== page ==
Plan Design Helps Poor Get Coverage

Before enrolling in a consumer-directed health plan (CDHP), people may want to take stock of their financial assets. Relatively few uninsured households have enough financial assets to cover the cost sharing in CDHPs that are tied to a health savings account (HSA), according to a recent study conducted by Kaiser Family Foundation researchers and published in Health Affairs. An HSA allows beneficiaries to pay for current health expenses and to save for future qualified medical and retiree health expenses on a tax-free basis.

While premiums for these plans are relatively low, families with low-to-moderate income levels don’t have the financial assets to cover the deductible should a member get sick. The new study examined the asset levels of households with two or more uninsured members in 2004 and compared it to the range of cost-?sharing features in HSA-qualified health plans.

Assets are an important consideration because these families may not have adequate income to pay the potentially high cost sharing under these policies and would have to dip into any savings they might have to pay their bills.

“Although lower premiums may increase the ability of the uninsured to buy some coverage, high out-of-pocket liability may leave families exposed to costs that they cannot meet,” write the authors, Kaiser researchers Paul Jacobs and Gary Claxton.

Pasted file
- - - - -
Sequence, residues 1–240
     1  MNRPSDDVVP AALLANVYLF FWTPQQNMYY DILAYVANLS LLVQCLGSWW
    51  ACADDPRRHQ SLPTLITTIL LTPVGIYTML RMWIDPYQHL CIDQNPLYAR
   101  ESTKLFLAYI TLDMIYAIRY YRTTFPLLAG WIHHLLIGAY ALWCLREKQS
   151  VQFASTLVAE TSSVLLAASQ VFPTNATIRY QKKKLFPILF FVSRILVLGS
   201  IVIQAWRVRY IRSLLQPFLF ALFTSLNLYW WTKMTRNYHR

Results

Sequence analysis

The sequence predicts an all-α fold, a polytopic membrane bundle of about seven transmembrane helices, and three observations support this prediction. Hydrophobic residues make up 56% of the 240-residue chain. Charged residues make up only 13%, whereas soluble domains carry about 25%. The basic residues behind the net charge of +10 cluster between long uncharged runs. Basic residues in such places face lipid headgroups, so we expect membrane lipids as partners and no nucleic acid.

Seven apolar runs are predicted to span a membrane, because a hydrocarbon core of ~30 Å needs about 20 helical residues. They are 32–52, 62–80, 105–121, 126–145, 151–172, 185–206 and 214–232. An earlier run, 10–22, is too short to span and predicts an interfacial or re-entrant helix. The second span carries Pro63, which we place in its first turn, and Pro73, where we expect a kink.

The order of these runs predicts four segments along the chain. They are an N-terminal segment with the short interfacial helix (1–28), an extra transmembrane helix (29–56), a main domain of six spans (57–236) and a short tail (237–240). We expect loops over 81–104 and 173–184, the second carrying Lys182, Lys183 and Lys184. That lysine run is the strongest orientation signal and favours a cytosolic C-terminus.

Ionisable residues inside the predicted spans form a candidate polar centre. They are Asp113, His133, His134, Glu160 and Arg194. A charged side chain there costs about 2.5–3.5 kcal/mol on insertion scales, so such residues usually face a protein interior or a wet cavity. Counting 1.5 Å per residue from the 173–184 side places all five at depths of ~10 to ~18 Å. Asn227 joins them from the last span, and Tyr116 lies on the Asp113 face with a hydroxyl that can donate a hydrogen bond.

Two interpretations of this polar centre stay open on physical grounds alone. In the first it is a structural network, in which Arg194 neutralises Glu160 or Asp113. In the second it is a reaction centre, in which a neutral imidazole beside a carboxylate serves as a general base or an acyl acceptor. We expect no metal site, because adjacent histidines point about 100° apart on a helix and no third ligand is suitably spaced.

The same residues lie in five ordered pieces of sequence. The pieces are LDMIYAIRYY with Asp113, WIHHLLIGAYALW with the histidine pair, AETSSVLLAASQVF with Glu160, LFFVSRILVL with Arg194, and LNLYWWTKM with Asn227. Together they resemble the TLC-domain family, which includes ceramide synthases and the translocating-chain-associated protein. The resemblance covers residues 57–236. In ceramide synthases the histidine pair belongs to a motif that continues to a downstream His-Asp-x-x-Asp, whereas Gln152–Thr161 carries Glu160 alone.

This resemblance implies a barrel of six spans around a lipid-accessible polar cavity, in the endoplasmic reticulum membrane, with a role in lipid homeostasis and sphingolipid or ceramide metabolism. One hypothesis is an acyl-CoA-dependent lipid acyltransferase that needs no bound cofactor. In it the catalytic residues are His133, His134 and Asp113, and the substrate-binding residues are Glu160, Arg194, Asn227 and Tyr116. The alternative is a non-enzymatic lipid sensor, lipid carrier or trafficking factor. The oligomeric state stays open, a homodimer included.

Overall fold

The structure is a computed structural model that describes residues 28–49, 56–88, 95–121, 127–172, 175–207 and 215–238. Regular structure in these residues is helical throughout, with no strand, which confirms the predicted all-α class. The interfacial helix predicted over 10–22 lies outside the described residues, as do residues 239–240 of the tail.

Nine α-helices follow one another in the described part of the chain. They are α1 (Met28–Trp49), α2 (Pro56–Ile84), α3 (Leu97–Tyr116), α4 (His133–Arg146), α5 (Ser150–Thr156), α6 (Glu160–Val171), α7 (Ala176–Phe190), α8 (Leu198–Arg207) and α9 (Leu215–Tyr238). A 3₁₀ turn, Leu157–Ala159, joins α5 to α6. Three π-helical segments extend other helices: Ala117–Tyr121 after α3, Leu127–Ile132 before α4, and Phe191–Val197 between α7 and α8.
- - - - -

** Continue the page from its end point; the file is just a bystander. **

Kirk Pion, executive director of consumer initiatives at Health Care Services Corp., which operates the Blue Cross and Blue Shield plans in Illinois, New Mexico, Oklahoma, and Texas, says this problem can often be addressed during discussions about benefit design between the employer and insurer.

“Employers are funding part of the HSA account, so they can offset the member’s exposure and try to fund the HSA appropriately,” Pion says.

As a result, HSAs can have a rich preventive benefits package that includes annual physical examinations, immunizations, and mammograms, for example, that are covered 100 percent, Pion says.

“Medical directors and pharmacy directors can provide their clinical expertise to the Internal Revenue Service when it comes to what should and what shouldn’t be covered,” says Pion. “Insurers are having some difficulty trying to figure out the IRS’s guidelines about taxable benefits. The guidelines are vague. The government needs some clinical guidance about what constitutes preventive care,” Pion says.

MANAGED CARE May 2008. ©MediMedia USA

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